By BRUCE DENNILL
Ard Matthews is part of the line-up for the 2019 installment of Amp Events’ Rock On The Lawns, headlined by The Cure and also featuring Fokofpolisiekar, Karen Zoid, Zebra & Giraffe, Opposite The Other, Southern Wild, Hellcats, Dimond Thug and The Robfather. The concerts will be held at Carnival City, Johannesburg on 16 March and at the Kenilworth Racecourse, Cape Town, on 21 March.
You’re currently a solo artist with a band. You’ve been a one-man act and also part of a successful rock band in Just Jinjer. What do you take into both backgrounds for the current set-up?
My years of being in a band with such phenomenal musicians has really helped me to understand the dynamics in a way that helps to bring out the best in all the members of bands I play with now. My new bandmates have years of experience between them and the transition has been effortless and most of all enjoyable and filled with laughter.
How does the system work – a democracy led by the guy with his name on the poster, or more an autocracy; a unit designed to make your vision happen?
While it might be my ‘solo band’, so to say, it is very much a team effort and I rely heavily on the experience that each member brings to the project. Having been in a democratic situation most of my career, I’ve learned the value of accepting and appreciating all advice towards the common goal.
In the above terms, would you say the live act is about you or about everyone on stage?
The current setup is based on showcasing my new works and I’m grateful to have members who encourage me to be the best I can be. That said, I believe there is a solid spread of invaluable contributions from each member
Rock On The Lawns: how are festivals as a fit for your current sound – your latest album Impossible Machines has a fair bit of production depth?
It’s been an interesting transition trying to replicate the new album live, and what we have discovered is that the songs work well in stripped-down grunge format. It took us a few shows to understand that the songs speak for themselves in just about any format, regardless of production.
Outdoors versus clubs or theatres: are there in the changes in the way you arrange your songs or add to the scale of what you present onstage?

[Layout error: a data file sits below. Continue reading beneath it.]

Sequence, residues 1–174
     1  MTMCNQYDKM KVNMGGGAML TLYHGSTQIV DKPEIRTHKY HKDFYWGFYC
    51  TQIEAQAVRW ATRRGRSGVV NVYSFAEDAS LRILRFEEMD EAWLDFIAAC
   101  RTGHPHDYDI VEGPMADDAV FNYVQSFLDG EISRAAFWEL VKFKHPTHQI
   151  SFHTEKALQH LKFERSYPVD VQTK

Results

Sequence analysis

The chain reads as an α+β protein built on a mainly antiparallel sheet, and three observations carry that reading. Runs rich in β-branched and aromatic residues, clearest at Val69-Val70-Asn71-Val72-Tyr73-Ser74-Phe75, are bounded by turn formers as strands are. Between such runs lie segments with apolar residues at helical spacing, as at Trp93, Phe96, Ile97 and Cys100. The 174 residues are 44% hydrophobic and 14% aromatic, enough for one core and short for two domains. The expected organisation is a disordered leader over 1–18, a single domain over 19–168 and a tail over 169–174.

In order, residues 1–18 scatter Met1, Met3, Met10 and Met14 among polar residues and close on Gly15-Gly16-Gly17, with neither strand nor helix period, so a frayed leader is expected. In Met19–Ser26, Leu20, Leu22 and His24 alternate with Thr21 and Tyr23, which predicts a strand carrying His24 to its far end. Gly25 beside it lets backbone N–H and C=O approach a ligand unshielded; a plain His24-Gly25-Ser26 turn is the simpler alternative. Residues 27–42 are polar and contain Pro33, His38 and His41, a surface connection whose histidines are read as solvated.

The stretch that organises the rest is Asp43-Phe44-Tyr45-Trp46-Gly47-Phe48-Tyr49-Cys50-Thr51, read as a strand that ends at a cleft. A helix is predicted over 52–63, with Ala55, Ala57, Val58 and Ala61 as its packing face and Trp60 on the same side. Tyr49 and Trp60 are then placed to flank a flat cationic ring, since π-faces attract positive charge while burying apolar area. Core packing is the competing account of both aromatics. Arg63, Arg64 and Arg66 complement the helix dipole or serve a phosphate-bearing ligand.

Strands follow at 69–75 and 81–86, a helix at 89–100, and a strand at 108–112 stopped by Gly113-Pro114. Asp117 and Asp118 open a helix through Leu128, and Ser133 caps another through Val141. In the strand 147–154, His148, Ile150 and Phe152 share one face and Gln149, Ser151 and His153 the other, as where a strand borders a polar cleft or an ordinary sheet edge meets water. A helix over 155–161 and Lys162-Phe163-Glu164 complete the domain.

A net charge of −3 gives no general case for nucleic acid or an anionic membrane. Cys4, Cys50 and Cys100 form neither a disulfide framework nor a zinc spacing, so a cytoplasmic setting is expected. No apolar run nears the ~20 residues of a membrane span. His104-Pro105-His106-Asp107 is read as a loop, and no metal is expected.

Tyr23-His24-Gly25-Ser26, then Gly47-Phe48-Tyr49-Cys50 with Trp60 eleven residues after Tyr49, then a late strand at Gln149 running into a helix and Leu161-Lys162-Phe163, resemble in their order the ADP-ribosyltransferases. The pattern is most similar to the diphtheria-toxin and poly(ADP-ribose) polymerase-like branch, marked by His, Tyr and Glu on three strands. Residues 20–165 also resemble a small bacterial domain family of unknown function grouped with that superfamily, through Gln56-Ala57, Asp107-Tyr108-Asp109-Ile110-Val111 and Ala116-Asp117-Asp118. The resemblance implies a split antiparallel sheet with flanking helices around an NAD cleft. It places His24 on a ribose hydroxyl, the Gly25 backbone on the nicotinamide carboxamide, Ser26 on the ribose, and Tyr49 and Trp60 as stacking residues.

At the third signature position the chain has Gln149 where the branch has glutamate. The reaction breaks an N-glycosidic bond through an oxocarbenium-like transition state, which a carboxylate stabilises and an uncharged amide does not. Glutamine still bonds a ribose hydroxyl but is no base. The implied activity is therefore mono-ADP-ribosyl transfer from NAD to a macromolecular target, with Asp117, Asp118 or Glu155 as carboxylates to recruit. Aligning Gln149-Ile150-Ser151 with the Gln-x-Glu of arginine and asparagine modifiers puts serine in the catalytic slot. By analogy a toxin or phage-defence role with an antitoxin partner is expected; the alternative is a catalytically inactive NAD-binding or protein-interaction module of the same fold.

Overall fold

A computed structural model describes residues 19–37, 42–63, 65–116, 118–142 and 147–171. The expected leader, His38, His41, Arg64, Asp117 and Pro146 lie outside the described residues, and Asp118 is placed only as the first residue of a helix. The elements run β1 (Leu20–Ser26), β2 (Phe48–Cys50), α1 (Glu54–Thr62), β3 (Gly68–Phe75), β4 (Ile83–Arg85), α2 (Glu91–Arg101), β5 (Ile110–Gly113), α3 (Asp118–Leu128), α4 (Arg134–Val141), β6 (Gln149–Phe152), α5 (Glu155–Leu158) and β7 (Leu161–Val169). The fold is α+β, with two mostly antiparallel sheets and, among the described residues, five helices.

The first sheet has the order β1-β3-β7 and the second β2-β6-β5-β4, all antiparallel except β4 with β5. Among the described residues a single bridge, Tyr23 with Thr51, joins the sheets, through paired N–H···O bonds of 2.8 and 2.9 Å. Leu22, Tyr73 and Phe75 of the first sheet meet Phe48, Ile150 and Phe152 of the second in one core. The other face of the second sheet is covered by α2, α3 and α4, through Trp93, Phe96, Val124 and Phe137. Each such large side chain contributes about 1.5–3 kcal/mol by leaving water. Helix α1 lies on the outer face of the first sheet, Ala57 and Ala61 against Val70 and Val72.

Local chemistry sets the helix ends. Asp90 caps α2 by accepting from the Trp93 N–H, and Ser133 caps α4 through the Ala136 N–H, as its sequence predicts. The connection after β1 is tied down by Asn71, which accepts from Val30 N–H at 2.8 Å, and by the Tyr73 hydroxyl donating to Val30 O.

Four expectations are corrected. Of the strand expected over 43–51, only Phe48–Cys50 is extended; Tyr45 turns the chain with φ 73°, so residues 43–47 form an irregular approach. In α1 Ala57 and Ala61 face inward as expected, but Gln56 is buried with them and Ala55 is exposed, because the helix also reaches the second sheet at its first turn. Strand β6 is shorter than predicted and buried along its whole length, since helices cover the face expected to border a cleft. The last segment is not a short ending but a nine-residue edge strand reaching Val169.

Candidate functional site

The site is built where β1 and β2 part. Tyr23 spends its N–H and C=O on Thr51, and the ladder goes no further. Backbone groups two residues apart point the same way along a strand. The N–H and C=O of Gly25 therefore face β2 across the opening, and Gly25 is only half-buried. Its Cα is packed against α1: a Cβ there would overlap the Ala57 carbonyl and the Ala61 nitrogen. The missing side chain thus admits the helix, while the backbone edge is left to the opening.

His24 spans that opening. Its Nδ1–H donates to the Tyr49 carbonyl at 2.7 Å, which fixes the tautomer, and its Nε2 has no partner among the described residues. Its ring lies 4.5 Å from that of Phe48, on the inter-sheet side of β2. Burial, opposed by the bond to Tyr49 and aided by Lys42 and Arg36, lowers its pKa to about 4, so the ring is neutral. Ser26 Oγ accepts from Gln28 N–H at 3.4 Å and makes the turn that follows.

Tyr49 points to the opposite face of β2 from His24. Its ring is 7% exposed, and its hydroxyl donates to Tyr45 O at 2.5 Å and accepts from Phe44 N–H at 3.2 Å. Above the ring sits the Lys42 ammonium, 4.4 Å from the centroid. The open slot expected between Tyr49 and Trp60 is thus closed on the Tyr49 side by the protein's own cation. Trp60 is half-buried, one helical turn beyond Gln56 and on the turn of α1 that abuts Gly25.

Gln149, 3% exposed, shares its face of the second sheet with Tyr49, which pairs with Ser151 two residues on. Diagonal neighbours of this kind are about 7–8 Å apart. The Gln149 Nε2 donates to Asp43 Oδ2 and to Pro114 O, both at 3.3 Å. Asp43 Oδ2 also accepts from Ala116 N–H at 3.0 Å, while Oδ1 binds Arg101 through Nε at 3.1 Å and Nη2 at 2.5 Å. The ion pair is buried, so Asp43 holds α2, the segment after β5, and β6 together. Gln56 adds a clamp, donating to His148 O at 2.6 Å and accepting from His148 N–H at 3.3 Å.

Outdoors and Indoor shows are two different beasts altogether and require a unique approach each time. If anything, we are a bit more sensitive to the dynamics when it’s a smaller, more intimate environment, but overall, the ‘song remains the same’.
The optimism in your lyrics is notable because it’s rare. How much of it is intentional – trying to make a point or change a mindset – and how much is just an overflow of how you’re feeling (at least some of the time)?
I believe I have always written optimistically, as it’s just in my nature to do so. I feel there is enough negativity in the world today, so it’s an easy and natural choice for me to lean towards offering any kind of thought-provoking message. I think, as you become more established as an artist, you become aware of what kind of an impact you can have, and even if it’s just for one person, it’s worth it for me.
What are your songwriting inspirations, specifically in terms of these positive perspectives?
I have always written about life and love and the loss of both of them. I’ve been able to imagine how I would feel in a certain situation or about a certain topic and just write about it in as as free-flowing a way as possible.
The Cure: what part did they play in your musical development?
The Cure have been around as part of my musical understanding for as long as I can remember. There are many songs that are directly related to certain experiences in my life. I’m sure this would be true of almost anyone who has known anything about music for the last 40 years.
Were you a fan or an admirer (that is, just liking their music versus wanting to do specific things they did)?
I would say more of a great appreciator for their overall contribution to modern music.